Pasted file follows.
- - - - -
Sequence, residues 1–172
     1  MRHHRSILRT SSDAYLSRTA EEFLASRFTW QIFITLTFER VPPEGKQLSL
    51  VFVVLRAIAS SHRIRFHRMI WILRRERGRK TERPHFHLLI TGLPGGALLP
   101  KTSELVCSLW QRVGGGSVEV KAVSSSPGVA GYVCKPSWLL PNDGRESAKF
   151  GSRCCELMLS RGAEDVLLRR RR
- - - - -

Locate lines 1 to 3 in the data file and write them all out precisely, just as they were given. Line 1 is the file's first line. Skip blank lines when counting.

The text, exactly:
Sequence, residues 1–172
     1  MRHHRSILRT SSDAYLSRTA EEFLASRFTW QIFITLTFER VPPEGKQLSL
    51  VFVVLRAIAS SHRIRFHRMI WILRRERGRK TERPHFHLLI TGLPGGALLP